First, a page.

Labour peers are to propose last minute amendments to the Pension Schemes Bill that would introduce extra regulatory protection for consumers when they make decisions about how to use their pension savings.
The changes are due to be tabled on Monday during the House of Lords committee stage as the Bill nears the end of its route through parliament.
Four Labour Lords back the amendment including Baroness Drake, who holds positions at The Pensions Advisory Service, the National Association of Pension Funds and influential think-tank the Pensions Policy Institute.
Firms have been calling for a “second line of defence” to catch people who do or do not take up the Government-backed free guidance service to ensure they make an active choice rather than defaulting into buying a product from their existing provider.
In September 2014, Money Marketing revealed a pilot of the guidance service undertaken with L&G had a take up of only 2.5 per cent, fuelling fears many retirees would make retirement income decisions without using the service or speaking to a financial adviser.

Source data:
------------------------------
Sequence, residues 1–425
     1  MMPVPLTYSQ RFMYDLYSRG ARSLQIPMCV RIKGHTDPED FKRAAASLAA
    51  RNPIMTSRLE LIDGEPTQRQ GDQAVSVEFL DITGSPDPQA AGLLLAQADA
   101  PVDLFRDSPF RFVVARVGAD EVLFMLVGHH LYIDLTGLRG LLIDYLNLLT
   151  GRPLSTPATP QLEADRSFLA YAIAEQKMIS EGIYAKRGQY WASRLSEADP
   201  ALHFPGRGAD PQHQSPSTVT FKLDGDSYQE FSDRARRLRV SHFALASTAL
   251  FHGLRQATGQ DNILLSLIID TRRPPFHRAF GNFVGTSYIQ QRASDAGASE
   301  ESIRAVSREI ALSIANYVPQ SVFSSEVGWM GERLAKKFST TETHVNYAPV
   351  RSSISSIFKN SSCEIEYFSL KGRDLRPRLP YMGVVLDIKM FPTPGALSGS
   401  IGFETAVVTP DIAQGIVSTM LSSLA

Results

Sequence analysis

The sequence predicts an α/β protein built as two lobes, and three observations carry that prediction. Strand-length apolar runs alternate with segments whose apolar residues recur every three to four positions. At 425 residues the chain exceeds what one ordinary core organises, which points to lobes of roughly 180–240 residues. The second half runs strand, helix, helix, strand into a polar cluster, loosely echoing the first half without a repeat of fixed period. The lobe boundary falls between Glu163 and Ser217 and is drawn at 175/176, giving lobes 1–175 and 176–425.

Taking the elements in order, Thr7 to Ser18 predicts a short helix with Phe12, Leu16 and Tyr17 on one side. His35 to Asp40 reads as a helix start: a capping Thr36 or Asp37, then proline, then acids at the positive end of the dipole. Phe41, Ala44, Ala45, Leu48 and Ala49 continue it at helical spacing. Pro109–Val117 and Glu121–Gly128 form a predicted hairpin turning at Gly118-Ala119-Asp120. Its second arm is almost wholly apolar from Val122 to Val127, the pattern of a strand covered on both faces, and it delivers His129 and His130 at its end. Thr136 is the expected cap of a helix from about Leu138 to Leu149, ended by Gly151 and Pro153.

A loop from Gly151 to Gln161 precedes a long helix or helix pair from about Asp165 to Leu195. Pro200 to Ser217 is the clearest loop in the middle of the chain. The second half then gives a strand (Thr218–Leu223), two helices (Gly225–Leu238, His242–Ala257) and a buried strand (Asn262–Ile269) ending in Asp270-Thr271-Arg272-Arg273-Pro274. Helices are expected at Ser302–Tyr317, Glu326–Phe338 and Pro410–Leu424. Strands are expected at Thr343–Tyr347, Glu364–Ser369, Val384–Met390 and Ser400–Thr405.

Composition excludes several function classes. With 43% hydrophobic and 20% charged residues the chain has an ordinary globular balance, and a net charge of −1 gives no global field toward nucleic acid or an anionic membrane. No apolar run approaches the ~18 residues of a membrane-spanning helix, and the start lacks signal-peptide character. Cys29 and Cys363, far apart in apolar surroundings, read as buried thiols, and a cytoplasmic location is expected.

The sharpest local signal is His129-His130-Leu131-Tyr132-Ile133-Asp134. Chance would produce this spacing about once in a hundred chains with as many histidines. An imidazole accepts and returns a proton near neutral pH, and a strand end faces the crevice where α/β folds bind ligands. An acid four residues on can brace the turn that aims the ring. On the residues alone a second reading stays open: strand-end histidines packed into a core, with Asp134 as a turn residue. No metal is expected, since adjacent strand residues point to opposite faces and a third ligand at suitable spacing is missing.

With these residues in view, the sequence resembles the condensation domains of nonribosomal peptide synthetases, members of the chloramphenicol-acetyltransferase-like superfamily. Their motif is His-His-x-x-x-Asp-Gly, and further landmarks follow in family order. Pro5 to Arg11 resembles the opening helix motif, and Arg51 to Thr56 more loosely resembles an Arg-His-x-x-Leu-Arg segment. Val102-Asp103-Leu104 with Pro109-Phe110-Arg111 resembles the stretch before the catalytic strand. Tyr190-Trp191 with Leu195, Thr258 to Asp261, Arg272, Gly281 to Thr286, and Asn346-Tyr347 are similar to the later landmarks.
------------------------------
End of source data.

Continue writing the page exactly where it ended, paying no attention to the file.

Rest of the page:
But the FCA has so far resisted calls to introduce extra safeguards, saying existing regulations already “bite”.
The Lords amendment reads: “The FCA must secure an appropriate degree of protection for consumers whether they have used pensions guidance or otherwise throughout the decision-making and purchasing process, including safeguards to actively inform consumers of key risks and benefits.”
Just Retirement director Stephen Lowe says: “This important amendment should be supported by Government. It seeks to ensure regulators put in place requirements on product providers and pension schemes to put in place protections, particularly for those people who do not take up the offer of the guidance guarantee.
“The current conduct requirements on providers and schemes allows them to invoke a passive rather than an active approach to protecting people – particularly those who are making many obvious inertia-led poor decisions.”